By JESSIE HORTON
STEPHENVILLE (February 12, 2015) — As the second day of trial got underway in the 266th Judicial Court, it was a day of stark differences – with the morning drawn out, the afternoon full of both loud and sad.
The morning began with the presentation of evidence by the prosecution continuing from the day before in the State of Texas vs. Eddie Ray Routh. Some of the national media grew bored, some going home altogether, and the courtroom was noticeably less packed Thursday.
Routh is the military veteran accused of killing former US Navy SEAL sniper Chris Kyle and his friend, Chad Littlefield, at Rough Creek Lodge on February 2, 2013. The attorneys for Rough have made it clear they will pursue an insanity defense, even pointing out evidence in the videos presented by the state’s attorneys where their client says he doesn’t know if he’s “going insane” or not to police officers just before he leads them on a high-speed chase through Lancaster.
Erath County District Attorney Alan Nash and Assistant Texas Attorney General Jane Starnes presented their case with several boxes of evidence including photos and a number of handguns, spent shells and casings, all taken from the scene at Rough Creek Lodge. The evidence included at least one of the weapons used in the actual incident.
Coming back from lunch, once again, brought warnings from the prosecution that evidence presented would contain rough language and then medical examiner’s photos from both Kyle and Littlefield’s autopsies.
As jurors watched videos of Lancaster Police’s encounter with Routh, those sitting just in front of the victims’ families could hear them quietly debating Routh’s sanity in incredibly hushed whispers from their seats in the courtroom.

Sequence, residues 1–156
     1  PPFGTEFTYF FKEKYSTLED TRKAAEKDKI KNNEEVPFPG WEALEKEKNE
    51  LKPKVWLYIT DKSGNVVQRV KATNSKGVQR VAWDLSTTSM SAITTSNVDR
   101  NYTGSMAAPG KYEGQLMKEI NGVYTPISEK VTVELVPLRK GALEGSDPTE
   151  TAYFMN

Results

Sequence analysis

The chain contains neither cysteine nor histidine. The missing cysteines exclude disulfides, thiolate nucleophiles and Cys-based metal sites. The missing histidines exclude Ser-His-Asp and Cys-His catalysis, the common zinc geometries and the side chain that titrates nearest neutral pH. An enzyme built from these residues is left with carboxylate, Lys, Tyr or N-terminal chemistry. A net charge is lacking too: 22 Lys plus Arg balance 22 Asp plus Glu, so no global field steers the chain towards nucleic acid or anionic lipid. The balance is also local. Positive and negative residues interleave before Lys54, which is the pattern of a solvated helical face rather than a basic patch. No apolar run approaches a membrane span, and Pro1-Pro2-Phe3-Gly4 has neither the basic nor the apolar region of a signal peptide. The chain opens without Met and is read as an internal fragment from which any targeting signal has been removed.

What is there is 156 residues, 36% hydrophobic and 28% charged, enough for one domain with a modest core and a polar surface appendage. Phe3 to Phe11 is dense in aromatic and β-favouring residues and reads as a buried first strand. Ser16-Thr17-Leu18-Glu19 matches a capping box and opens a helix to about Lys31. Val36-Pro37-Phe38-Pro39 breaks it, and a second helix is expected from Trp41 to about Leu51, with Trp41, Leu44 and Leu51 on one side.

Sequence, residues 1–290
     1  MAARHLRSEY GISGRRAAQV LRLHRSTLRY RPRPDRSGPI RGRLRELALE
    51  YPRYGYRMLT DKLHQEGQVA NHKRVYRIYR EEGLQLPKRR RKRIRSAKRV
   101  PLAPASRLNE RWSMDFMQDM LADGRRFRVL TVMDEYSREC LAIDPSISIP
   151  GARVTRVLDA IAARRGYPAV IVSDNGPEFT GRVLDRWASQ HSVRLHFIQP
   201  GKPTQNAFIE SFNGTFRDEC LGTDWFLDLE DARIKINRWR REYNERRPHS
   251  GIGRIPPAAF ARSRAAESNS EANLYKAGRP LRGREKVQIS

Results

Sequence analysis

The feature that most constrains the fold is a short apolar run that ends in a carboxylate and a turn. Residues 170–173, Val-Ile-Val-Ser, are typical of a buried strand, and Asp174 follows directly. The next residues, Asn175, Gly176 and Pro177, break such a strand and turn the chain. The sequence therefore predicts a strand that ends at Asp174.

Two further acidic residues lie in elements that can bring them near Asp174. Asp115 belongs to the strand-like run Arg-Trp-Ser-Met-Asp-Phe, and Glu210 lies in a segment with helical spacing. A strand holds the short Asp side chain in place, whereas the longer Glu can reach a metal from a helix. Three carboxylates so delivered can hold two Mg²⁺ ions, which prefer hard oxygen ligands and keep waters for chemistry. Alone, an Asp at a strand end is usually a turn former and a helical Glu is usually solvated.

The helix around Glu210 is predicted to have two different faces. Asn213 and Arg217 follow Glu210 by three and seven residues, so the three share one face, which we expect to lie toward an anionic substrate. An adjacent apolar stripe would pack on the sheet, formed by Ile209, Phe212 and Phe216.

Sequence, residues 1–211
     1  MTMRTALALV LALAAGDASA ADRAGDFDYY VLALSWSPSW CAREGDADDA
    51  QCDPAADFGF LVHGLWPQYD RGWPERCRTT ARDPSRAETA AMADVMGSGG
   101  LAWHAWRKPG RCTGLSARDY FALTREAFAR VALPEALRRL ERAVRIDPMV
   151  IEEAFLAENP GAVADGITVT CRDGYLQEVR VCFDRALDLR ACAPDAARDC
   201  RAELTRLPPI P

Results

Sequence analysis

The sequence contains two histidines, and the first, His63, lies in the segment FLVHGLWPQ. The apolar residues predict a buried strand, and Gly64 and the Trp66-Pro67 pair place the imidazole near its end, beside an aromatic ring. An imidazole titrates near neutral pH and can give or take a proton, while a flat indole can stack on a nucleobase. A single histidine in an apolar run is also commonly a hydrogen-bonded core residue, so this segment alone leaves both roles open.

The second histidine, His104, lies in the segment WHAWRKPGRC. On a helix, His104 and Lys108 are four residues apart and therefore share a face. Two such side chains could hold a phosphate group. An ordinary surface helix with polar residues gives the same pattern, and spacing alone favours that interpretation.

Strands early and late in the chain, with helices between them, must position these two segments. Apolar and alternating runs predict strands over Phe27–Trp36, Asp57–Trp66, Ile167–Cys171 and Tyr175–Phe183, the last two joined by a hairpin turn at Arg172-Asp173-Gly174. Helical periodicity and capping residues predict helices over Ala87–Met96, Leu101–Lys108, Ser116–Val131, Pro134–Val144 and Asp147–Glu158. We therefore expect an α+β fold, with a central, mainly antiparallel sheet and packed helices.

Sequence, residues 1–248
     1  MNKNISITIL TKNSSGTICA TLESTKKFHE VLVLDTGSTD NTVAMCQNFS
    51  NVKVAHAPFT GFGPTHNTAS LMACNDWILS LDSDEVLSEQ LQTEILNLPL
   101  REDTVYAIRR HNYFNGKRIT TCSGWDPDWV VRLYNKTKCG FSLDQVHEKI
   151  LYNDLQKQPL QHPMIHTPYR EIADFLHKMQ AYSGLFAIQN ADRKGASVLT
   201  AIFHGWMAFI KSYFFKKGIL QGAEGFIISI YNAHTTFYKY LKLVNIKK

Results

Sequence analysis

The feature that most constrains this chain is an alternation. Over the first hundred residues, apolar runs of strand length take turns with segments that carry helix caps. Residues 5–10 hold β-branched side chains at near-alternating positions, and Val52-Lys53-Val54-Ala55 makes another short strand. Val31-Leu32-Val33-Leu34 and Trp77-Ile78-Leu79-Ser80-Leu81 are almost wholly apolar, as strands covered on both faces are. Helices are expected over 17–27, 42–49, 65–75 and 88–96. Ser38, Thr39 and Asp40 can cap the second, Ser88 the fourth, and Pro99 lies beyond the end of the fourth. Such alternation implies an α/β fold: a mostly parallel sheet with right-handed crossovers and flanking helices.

“If he knew where to make all those turns and get on I-35, and then to obey all their commands, he can’t be crazy, right?”
“You’d think. But did you hear him? People eating his soul? Anarchy and the apocalypse? That seems pretty crazy.”
Which seemed to be the exact point the defense wanted to prove. Shay Isham, attorney for Routh, cross examined the Lancaster PD officers who were on scene and involved in the chase that ended in Routh’s capture. His line of questions focused on if the officers heard statements Routh made while talking to Lancaster detective Jesus Chevera, also Routh’s neighbor.
One video submitted for evidence was from a body camera on an officer on scene who was testing the equipment for the department that day. It captured much, but not all, of the conversations and actions by Lancaster PD and Routh leading up to the pursuit and capture of the suspect, according to Lancaster CID Lt. Michael Smith.
At the time of the incident on February 2, 2013, Smith was serving as the assistant chief of police, and he testified that before the officer with the body camera arrived on scene, Routh told he and Chevera that he’d just “taken a couple of souls and had some more souls to take.”
Just before peeling out and taking officers on a chase across Lancaster to I-35, Routh tells officers he will not roll the window down because “my soul’s on this side of the window and so is my hide.” He continued on, saying he was nervous because of all the movement he could see around the truck he was sitting in (which were the officers attempting to deploy stop sticks) and how he had people feeding on his soul earlier and that didn’t feel good.
As Kyle’s all black Ford F-350 with a lift kit driven by Routh takes off, the dash cameras in Lancaster PD units took over for the body camera, showing a chase with speeds in excess of 100 mph according to the officers who were involved.
Before recessing for the day, Nash and Starnes called Dallas County Medical Examiner Dr. Jeffrey Barnard, who performed both autopsies. Through drawings, reports, x-rays and photos taken the morning after the murders, Barnard told the jury Kyle was shot six times in the head, back and side. He testified that of the six times he was shot, any one of four of the shots would have killed Kyle. Littlefield was shot seven times in the head, back and hand, and Barnard testified that any one of five of those shots would have killed Littlefield.
The Donald R. Jones Justice Center will open its doors at 8 a.m. Friday for the public, and the trial will get back underway at 9 a.m. Road closures around the building will continue throughout Friday and next week from 6 a.m. until 6 p.m.
There are lots of ways to keep up with the trial locally without fighting the traffic, closed streets and security, including online right here on The Flash, by listening to KWBY or on either of our Facebook or Twitter accounts (FB – Flash || KWBY; Twitter – Flash || KWBY).